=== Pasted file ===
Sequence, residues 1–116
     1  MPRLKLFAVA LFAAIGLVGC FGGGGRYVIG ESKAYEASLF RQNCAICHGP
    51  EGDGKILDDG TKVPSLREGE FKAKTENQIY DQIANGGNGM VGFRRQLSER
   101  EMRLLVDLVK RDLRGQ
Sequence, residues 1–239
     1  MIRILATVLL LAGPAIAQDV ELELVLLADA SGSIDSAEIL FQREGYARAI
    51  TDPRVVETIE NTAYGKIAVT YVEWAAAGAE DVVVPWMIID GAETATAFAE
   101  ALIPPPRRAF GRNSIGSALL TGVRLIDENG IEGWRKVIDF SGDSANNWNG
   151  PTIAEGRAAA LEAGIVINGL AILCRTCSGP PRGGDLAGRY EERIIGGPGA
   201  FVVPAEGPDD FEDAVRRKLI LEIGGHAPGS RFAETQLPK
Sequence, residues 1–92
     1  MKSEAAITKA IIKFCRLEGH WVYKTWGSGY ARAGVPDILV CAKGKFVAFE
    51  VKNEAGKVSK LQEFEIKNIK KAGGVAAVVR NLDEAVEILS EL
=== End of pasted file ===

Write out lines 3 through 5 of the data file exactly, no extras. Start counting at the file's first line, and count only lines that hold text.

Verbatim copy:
    51  EGDGKILDDG TKVPSLREGE FKAKTENQIY DQIANGGNGM VGFRRQLSER
   101  EMRLLVDLVK RDLRGQ
Sequence, residues 1–239